How to make flowers last longer, according to florists

How to make flowers last longer, according to florists

Is there anything better than a bouquet of freshly cut flowers? The glorious color and wonderful scent can transform any room. But here’s the unfortunate truth: they start dying as soon as they’re put in a vase. All flower arrangements begin to wilt within days, and most die within a week. However, you can do some things to make your flowers last longer. We asked experts to share tips on how to help your flower collection live its best, longest life possible.

Trim the stems

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According to Christina Stemple, founder and CEO of Farmgirl Flowers, long-lasting flowers start with healthy stems. Since the stems can easily dry out during transportation, trimming the flower stems a few inches allows the flowers to hydrate more efficiently. Cut each stem at a 45-degree angle to maximize the surface area through which the flowers draw water. Also try cutting the stems under warm (not hot) running water to ensure they are hydrated immediately.

Additionally, re-cutting the stems whenever you change the water will help your flowers stay fresh. Aim to keep the stems a few inches from the bottom of the vase. This allows the stems to stay moist because they can drink more freely without the bottom of the vase getting in the way.

Remove the lower leaves from the stems

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Megan Phoebe, floral designer at Scotts Flowers, recommends cutting or plucking any leaves below the waterline in your vase. These leaves can contaminate the water with bacteria and kill the plant more quickly. Keeping the water clean and free of these leaves can help the flowers stay fresh and smell good.

Keep away from direct light and heat

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Resist the temptation to display your bouquet in front of a window, because freshly cut stems are surprisingly sensitive to light. Flower arrangements should be removed from direct sunlight and heat sources to best stay moist, Stempel says. It’s also best to avoid areas with high humidity if possible, as cut flowers thrive best in cool environments.

Replace the water every day

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Regularly changing your arrangement’s water supply is another trick to help keep your flowers looking (and smelling) fresh. “Bacteria buildup is normal as your flowers age,” says Stempel. “Remove deposits by giving your stems a fresh drink, and if you see buildup at the bottom of your vase, give the vessel a quick clean.”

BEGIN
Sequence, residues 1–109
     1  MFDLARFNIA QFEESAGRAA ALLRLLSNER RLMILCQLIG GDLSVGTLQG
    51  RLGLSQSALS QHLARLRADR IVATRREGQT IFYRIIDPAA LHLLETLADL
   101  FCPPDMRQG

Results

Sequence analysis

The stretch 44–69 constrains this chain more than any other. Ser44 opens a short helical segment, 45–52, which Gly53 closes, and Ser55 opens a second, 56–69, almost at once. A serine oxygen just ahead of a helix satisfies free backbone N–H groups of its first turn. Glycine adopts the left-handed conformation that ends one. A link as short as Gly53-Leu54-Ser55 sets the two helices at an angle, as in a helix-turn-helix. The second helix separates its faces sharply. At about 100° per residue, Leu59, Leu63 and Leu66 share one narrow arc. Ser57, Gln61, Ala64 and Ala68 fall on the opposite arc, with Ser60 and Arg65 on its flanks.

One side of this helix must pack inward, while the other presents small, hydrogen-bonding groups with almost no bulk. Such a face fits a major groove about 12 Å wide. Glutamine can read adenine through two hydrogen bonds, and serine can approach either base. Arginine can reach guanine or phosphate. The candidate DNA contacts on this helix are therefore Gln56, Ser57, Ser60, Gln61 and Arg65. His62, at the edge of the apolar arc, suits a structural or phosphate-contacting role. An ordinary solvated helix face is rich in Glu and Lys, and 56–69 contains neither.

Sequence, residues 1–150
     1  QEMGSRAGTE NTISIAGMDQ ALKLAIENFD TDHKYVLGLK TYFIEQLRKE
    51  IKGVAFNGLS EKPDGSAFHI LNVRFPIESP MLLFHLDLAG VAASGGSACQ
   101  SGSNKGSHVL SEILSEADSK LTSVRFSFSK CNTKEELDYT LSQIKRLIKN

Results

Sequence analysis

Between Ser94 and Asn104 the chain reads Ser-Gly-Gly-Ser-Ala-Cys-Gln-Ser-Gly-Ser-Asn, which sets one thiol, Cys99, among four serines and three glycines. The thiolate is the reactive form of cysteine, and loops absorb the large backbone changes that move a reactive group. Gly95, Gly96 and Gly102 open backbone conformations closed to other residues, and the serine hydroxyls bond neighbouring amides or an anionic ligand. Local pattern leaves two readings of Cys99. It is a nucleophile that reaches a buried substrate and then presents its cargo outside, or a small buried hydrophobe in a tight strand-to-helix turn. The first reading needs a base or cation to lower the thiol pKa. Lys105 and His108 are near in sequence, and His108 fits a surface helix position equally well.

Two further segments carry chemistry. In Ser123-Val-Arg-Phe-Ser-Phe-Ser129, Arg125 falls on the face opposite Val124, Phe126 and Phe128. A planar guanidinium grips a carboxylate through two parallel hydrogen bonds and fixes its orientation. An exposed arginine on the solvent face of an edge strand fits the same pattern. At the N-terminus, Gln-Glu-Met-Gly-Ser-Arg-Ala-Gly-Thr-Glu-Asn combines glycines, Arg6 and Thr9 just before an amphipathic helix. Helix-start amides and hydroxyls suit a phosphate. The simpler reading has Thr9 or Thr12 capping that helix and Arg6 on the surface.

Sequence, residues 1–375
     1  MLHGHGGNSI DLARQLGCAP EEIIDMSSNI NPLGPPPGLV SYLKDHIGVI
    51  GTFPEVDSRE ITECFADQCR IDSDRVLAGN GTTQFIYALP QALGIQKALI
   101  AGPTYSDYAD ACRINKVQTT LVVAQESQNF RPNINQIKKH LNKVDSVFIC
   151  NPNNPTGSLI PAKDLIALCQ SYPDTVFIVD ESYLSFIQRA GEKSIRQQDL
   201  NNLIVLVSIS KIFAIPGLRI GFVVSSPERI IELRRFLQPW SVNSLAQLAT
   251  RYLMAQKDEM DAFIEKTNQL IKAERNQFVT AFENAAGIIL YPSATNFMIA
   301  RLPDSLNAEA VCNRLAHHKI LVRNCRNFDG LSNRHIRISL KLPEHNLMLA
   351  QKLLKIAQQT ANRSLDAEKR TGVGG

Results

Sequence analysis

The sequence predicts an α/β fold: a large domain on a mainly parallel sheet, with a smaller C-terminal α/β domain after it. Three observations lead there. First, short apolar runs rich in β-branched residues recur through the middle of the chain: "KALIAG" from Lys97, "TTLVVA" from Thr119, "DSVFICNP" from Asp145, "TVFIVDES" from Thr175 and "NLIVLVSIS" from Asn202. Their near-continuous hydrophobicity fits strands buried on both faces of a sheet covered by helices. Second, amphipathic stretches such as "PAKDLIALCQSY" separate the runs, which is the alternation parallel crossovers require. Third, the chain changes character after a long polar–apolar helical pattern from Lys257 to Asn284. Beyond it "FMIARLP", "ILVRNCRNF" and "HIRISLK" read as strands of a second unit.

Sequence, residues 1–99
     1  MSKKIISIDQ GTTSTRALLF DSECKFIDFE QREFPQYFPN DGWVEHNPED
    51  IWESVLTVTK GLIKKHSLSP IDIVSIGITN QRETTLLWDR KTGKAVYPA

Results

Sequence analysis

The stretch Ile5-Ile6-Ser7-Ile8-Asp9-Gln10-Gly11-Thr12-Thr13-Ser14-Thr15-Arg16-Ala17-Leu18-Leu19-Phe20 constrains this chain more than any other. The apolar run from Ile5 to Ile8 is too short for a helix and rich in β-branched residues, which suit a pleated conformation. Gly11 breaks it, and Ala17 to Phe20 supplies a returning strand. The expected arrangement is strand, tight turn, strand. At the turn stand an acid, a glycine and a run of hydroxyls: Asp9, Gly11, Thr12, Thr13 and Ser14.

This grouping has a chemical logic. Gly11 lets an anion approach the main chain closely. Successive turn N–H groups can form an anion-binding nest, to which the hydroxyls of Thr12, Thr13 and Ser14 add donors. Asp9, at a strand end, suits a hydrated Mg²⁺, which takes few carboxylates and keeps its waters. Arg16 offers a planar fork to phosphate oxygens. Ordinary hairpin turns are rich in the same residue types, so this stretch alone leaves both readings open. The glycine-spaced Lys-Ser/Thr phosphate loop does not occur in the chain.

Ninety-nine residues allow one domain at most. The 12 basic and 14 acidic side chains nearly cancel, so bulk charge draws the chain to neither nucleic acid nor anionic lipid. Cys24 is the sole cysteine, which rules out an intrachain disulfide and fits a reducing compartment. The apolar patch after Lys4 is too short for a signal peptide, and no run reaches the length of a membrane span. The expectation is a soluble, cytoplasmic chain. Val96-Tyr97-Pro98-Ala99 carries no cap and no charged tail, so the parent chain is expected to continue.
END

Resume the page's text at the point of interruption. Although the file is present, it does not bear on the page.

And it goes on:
How much water is enough? Stempel recommends filling the vase three-quarters full with cold tap water before displaying flowers; Replacing and replenishing water regularly is essential for beautiful flowers.

Always wash the vase well with soap and water before adding any flowers. Make sure to rinse off all the soap completely as well. Soap residue can harm your flowers and affect their longevity, so double-check that your vase is nice and clean before using it.

Pick wilted flowers as quickly as possible

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Once you notice that the cut flower in your arrangement has died, remove it from the bouquet as soon as possible. Like fresh fruits and vegetables, flowers release ethylene gas, which is detrimental to the longevity of live flowers. To prevent a dying flower from killing its neighbors, simply thank it for its service, then uproot it.

Keep the flower food flowing (or make your own)

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Typically, fresh flower bouquets can come with a packet of plant food to add to the water in the vase. When adding food, it must be mixed well. Add more flower food every two to three days after changing the water.

If necessary, bleach can act as a preservative. “If you’re busy or forgetful, adding a few drops of bleach to a vase will help extend the life of your stems because it slows bacterial growth,” says Stemple.

You can also make your own flower food. Sugar is often added to help give the flowers more nutrients to continue growing, but it should not be added alone. Sugar can cause bacteria to grow, so also use a natural antibacterial agent such as vinegar to help balance the flower’s pH levels.

A simple flower food recipe is 2 tablespoons white vinegar or lemon juice and 1 tablespoon sugar mixed in a large pot of water.

Remember that flower longevity varies

Not all flowers have the same life expectancy. Each variety is different and may last longer or shorter once the stems are cut and transferred to a vase. For example, carnations last much longer than peonies.

If you purchase a pre-made bouquet from a local grocery store, they may have been cut days in advance, so longevity may not be the same as with freshly cut flowers at the florist.

Average life expectancy of cut flowers
I cut the rose longevity
Cloves Up to 2 weeks
Alstroemerias Up to 2 weeks
Roses Up to 1 week
Hydrangea Up to 1-2 weeks
Peony Up to 1 week
Tulips Up to 10 days

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